Spring is the time of year when nature and life are refuelled with energy. Sun, fresh green and blossoming flowers point to a lively new beginning. The Polish artist Pawel Althamer (born in Warsaw, 1967) conveyed this feeling with his exhibition project Frühling (Spring) at the Kunsthalle Fridericianum. For the project, he had invited several hundred children from Kassel to occupy over 1,000 square metres of this historically charged, world-famous exhibition site, which had been a library and a parliament building in the past. His main aim was to enliven and transform the museum with the help of the children’s youthful, bold, and above all still “free” creativity. The children have been the main actors, while Althamer played the role of their guest and assistant.

For Pawel Althamer, multiple authorship through the delegation of authorship to other participants, often to the underprivileged, such as the inhabitants of the outskirts, the homeless, prison inmates, illegal workers, street musicians and, repeatedly, teenagers and children, is an important artistic point of departure. With his action Bródno 2000, for example, he convinced 200 families in a pre-fab apartment block in Warsaw’s outlying district of the same name to turn on or off their flat lights, as needed, so that the year 2000 could be seen brightly illuminated on the facade. The feeling of togetherness and being part of a group played a key role. In 2001 he explicitly sought out Polish homeless in Frankfurt to dress them in typical art-scene “vernissage outfits” and had them mingle unrecognised among the opening crowd at the exhibition Neue Welt. For his exhibition Prisoners (2002), Pawel Althamer worked together with the inmates of the local gaol in Münster. In joint workshops they produced objects and drawings that, together with simple found objects from the prison, were quite conventionally presented at the Kunstverein Münster.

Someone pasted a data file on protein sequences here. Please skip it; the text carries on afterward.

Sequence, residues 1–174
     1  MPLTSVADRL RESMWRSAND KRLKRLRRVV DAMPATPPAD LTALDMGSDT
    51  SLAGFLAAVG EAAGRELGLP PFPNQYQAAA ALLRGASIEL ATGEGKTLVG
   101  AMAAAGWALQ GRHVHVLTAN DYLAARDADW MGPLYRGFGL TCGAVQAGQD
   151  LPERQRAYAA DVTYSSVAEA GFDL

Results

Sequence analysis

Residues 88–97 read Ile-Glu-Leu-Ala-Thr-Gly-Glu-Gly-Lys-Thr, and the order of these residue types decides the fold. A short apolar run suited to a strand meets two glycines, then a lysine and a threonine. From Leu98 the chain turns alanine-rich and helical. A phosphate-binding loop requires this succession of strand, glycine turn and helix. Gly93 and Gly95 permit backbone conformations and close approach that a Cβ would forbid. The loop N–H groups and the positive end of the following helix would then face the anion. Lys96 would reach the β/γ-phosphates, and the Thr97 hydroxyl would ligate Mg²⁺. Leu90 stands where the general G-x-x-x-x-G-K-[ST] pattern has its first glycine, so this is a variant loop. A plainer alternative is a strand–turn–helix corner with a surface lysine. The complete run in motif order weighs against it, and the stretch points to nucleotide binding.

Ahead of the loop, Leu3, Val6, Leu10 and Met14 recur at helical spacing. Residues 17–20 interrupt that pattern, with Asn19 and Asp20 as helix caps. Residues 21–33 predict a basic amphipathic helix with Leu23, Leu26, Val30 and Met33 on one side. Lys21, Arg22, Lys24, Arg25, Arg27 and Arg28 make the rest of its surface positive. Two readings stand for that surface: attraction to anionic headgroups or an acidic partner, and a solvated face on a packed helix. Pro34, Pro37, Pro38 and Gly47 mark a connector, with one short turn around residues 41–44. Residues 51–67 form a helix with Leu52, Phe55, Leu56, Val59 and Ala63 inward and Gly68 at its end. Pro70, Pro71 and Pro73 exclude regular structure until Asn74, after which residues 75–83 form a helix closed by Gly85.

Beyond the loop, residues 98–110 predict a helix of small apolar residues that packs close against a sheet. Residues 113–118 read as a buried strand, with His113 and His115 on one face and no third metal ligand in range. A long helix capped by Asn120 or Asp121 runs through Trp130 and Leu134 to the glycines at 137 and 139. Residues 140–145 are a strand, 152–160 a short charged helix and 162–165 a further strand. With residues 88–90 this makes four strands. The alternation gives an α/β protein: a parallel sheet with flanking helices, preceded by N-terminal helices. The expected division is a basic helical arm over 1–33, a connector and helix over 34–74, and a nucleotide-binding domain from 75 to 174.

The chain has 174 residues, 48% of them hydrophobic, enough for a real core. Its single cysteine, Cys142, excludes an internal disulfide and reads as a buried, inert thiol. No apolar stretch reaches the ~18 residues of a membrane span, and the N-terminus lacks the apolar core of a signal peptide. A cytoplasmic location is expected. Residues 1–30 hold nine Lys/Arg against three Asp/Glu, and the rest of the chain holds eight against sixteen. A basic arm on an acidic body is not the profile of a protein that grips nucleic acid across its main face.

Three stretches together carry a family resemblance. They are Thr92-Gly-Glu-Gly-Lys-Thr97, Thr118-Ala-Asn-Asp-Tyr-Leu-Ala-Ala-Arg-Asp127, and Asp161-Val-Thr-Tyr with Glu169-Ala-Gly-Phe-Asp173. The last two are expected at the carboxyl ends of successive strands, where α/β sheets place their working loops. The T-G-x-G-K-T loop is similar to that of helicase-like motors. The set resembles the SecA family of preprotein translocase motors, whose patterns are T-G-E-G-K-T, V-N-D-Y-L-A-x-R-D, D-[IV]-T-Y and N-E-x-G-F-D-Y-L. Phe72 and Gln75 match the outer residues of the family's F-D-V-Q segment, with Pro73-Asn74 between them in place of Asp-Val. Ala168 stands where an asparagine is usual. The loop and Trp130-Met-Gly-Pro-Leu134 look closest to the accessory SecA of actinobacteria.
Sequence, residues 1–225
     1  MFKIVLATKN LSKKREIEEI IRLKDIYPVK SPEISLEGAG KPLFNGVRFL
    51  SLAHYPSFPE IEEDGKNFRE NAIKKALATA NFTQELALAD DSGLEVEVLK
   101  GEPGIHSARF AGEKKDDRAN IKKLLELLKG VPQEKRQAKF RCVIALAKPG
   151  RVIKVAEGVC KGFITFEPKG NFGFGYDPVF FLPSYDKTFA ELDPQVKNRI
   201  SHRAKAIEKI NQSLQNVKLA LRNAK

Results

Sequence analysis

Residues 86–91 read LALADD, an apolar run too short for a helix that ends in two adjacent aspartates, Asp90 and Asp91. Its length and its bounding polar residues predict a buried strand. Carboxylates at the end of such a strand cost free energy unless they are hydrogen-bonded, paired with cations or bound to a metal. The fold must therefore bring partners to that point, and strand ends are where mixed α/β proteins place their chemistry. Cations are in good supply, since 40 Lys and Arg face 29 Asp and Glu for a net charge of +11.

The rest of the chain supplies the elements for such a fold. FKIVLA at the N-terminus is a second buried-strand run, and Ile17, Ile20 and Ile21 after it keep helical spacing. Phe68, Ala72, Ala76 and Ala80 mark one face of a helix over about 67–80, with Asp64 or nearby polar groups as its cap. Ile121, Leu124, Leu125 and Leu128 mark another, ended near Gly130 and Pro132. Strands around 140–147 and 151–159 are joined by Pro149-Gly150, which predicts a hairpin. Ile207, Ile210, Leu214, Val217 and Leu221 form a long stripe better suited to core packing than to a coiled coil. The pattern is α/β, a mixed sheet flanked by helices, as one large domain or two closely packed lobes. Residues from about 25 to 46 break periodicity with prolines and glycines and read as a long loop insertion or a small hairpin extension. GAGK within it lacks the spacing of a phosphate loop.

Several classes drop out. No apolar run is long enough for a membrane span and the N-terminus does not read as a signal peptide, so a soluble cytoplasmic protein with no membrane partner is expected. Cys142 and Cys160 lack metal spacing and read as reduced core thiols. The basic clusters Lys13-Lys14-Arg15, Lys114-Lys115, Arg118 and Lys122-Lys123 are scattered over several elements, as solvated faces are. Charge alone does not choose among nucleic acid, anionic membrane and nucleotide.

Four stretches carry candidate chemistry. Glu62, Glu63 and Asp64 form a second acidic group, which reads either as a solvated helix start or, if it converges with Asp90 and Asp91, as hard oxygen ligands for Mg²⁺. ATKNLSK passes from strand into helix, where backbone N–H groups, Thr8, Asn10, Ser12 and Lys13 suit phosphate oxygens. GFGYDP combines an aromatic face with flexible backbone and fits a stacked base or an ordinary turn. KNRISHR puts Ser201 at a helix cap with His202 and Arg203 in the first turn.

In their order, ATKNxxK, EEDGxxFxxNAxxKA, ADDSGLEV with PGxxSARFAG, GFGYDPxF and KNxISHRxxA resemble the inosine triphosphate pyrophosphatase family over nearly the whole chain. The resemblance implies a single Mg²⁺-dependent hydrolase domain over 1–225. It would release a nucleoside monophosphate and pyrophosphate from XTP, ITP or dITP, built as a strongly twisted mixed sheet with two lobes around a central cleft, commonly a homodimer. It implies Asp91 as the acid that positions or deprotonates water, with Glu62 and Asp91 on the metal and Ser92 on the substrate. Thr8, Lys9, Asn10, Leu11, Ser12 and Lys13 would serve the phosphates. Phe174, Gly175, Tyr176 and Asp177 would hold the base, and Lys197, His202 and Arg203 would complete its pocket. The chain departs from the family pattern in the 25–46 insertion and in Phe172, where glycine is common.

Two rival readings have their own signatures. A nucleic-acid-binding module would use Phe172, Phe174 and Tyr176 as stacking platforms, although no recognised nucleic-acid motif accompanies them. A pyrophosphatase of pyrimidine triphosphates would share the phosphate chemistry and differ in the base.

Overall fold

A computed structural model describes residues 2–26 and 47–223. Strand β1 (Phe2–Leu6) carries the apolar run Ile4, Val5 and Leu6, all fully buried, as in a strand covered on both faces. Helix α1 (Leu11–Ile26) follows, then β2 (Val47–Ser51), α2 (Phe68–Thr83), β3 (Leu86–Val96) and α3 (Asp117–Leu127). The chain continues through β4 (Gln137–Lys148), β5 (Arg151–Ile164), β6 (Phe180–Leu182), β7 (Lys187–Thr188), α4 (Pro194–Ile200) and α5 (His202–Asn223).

Ideas and signs of change and expansion, as well as the dissolution of predetermined, rigid structures, play an important part in Pawel Althamer’s artwork. With his performances, which are very conceptually oriented and thrive on process-related aspects, the artist subverts systems of rules and triggers new patterns of action. His withdrawal as an artist from the realisation of his performative projects promotes a complete blending of art and life and at the same time draws attention to people who in other places are socially ostracised, and what is more, stimulates public awareness of their plight.

Since the latter part of March 2009, when both spring and the setup of the exhibition began, the children had been free to implement their ideas in all of the rooms in the first floor of the Fridericianum. A camp with a giant tent in the middle, sofas, tables, chairs, rugs, and mattress castles had been conducive to conversations, among other things. Drawings made by the children referring to their projects hung on the walls. A giant Trojan Horse awaited its residents as did several caves and a two-storey flat with hanging furniture. Models made by the children based on great ideas had been distributed all over the room. Among them had been a knight’s castle with a labyrinth, a cabinet of horrors, a disco, wings for flying, Egyptian furniture, boats, and submarines.

The children were teeming with expectation, energy and excitement, and so was the Fridericianum. Frühling at the Fridericianum was continuing to develop as a processual artwork until it closed with the official end of spring on 21 June 2009.


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